NatureKids Love NB Nature
FEBRUARY 11, 2022 — Despite the quieter times here in New Brunswick during the pandemic, Nature NB’s Education Department has been busy with many successful school programs and NatureKids events!
December was filled with all things birds. Many schools participated in the Christmas Bird Count for Kids program, a citizen science program organized through Birds Canada. Not only do kids learn the value of these citizen science projects, they also get to test their binocular skills and see which birds are living in their school yard, which prompted lots of discussion. Besides learning to use binoculars, everyone loved learning different bird calls. As each program wrapped up, many kids could be heard singing “Cheese-burger”, mimicking NB’s provincial bird, the Black-capped Chickadee, or “Who cooks for you? Who cooks for you all?” to imitate the Barred Owl.
Through our NatureKids program, we have installed many semi-permanent, interpretive signs at different schools and community trails across the province. Recently, winter signs were put up at Odell Park and Killarney Lake Park in Fredericton. Many people have already commented on how these signs have made their weekend walks with their kids so fun as they race from one sign to the next to learn all about how different species adapt to winter.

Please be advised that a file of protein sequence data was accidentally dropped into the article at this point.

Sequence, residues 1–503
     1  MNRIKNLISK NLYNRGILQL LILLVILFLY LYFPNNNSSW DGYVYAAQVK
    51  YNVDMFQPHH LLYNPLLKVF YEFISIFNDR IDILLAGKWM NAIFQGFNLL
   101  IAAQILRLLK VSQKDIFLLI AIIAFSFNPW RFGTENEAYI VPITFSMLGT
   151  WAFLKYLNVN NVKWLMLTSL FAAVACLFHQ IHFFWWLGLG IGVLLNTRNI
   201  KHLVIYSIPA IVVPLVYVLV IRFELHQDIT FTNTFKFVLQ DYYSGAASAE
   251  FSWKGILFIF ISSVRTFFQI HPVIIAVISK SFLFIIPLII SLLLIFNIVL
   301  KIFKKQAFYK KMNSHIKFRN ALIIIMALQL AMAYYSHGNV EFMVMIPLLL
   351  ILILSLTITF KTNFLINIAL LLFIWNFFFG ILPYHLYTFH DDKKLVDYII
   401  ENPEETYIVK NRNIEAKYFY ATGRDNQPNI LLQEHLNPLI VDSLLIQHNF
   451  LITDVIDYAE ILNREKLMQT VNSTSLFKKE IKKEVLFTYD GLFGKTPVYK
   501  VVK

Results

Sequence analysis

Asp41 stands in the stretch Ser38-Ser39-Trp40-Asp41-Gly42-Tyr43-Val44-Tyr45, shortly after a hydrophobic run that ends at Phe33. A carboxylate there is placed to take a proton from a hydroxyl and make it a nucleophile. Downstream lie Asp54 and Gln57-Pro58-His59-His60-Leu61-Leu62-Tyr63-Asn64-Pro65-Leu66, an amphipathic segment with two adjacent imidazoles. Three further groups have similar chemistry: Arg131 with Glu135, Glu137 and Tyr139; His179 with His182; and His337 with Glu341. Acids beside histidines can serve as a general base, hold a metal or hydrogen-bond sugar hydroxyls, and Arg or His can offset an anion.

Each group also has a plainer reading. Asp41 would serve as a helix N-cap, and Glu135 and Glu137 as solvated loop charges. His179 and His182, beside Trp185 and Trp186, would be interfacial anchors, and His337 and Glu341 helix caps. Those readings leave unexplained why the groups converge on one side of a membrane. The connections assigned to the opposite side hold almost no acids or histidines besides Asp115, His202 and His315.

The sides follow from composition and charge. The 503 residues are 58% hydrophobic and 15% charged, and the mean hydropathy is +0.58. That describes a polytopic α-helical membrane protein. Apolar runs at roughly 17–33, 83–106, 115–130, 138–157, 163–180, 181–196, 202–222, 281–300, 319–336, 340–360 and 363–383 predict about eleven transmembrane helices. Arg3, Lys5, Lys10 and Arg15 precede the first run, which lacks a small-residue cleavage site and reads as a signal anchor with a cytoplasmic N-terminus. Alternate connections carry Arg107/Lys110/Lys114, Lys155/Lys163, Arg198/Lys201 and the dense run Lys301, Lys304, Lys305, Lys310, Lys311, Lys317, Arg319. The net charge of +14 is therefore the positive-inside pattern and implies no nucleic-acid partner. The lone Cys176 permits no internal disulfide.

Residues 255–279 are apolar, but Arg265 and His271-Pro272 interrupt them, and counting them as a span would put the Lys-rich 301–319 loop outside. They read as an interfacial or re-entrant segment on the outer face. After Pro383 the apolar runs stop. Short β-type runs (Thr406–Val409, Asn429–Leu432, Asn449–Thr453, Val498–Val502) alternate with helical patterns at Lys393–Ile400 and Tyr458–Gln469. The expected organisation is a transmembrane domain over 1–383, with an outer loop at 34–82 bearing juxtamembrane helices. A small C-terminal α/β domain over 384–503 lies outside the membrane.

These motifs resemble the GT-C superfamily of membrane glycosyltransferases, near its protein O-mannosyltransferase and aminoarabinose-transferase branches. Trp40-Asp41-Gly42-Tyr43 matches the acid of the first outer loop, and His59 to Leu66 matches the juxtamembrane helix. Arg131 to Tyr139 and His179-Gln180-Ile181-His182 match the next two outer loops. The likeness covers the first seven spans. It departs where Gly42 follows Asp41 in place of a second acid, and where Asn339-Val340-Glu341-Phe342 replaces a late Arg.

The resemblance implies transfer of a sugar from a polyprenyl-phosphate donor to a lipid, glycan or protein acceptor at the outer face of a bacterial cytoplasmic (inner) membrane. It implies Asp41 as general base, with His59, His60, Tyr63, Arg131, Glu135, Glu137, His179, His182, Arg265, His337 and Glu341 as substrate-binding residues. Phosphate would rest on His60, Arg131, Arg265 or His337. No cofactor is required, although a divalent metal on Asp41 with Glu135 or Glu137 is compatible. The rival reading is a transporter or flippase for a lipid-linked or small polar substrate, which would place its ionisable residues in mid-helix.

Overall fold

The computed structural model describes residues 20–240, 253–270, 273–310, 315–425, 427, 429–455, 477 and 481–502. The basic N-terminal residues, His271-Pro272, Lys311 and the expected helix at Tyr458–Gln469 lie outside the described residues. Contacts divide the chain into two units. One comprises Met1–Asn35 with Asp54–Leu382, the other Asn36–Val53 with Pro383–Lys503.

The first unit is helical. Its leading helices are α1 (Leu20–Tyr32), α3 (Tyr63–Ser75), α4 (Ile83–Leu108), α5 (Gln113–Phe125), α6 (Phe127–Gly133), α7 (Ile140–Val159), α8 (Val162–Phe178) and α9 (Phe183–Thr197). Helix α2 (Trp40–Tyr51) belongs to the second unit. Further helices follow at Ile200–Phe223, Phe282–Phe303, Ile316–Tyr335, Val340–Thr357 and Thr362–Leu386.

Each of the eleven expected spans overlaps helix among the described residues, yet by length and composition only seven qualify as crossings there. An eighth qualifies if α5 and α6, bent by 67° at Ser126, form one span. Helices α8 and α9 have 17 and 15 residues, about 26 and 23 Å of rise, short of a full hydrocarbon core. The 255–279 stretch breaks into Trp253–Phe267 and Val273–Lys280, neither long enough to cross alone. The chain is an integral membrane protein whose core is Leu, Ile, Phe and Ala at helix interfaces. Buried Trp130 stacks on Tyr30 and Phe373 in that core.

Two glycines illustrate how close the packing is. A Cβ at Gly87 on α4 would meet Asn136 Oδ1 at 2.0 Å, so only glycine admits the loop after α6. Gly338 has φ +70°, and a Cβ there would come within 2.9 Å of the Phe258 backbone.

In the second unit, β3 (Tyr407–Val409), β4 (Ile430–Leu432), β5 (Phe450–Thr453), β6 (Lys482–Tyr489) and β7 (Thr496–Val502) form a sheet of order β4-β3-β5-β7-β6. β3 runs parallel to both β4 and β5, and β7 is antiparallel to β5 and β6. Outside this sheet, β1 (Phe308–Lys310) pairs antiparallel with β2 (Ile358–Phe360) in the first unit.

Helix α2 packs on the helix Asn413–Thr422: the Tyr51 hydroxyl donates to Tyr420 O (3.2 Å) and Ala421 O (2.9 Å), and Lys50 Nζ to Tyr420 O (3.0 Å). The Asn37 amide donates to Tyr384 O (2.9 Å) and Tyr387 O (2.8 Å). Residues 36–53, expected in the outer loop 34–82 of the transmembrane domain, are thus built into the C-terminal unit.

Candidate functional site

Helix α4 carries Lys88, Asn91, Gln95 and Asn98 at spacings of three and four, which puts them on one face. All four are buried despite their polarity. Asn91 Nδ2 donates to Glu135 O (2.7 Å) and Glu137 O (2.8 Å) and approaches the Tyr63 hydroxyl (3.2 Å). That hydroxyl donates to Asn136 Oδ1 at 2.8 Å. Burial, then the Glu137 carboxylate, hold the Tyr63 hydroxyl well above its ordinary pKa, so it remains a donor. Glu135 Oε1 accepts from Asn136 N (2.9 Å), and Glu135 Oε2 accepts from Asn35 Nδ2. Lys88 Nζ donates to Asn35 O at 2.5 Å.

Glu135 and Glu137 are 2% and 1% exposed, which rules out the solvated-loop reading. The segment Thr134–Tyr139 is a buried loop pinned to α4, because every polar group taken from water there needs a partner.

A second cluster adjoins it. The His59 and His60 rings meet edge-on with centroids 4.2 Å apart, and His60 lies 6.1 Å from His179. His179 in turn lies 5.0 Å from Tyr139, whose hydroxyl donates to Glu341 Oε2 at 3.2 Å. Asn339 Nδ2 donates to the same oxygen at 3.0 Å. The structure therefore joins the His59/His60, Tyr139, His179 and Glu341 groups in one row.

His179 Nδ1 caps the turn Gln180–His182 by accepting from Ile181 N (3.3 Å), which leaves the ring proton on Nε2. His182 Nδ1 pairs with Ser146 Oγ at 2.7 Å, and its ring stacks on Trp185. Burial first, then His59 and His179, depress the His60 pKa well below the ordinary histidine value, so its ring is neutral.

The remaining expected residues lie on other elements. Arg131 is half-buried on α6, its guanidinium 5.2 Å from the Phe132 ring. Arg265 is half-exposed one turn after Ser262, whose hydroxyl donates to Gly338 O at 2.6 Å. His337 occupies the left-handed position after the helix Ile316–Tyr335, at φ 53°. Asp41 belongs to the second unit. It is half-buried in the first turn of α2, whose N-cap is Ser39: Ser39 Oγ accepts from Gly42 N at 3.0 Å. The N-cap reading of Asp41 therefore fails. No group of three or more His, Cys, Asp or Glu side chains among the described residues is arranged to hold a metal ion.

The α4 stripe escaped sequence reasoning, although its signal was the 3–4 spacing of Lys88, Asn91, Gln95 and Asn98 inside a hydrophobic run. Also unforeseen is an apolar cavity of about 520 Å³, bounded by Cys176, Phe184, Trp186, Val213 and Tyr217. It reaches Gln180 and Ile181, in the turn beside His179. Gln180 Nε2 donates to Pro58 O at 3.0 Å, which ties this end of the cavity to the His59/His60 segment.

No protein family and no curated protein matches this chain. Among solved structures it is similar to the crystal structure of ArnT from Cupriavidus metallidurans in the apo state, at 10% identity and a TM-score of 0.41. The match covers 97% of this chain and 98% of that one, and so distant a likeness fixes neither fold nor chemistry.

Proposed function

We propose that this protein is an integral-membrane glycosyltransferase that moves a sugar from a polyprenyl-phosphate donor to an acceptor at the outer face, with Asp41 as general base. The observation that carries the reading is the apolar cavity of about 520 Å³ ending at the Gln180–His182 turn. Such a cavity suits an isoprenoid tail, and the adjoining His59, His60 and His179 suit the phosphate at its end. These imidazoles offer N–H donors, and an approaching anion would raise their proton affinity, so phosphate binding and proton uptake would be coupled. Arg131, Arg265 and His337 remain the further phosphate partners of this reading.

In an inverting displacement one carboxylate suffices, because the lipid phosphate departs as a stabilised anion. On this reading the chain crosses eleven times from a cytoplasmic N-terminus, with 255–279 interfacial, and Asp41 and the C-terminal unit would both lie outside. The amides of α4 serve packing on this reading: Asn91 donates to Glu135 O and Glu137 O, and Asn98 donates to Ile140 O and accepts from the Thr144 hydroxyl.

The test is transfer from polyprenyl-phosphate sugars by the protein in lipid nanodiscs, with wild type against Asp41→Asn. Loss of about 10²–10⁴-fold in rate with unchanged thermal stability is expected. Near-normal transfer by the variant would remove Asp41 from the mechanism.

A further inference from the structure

Signs have also been installed along the Sussex Nature Trail, where a support worker from a nearby behavior centre shared that “the signs have been a great addition to our walks. The kids at the centre enjoy learning all about the birds and have even been able to identify certain species on their walks!”. We are so glad they’re being enjoyed!
If there are no NatureKids clubs or interpretive signs installed in your area, no problem! We have lots of fun at-home activities for you to try! The best place to find these is on our NatureKids NB Facebook page, or by signing up for the NatureKids newsletter (‘Stay Connected’).
Now more than ever, it is so important for us to take in that fresh air and the beauty of nature that is all around us. Something as simple as going outside to observe the unique shape of each falling snowflake.
— Breagh Christie, Education Assistant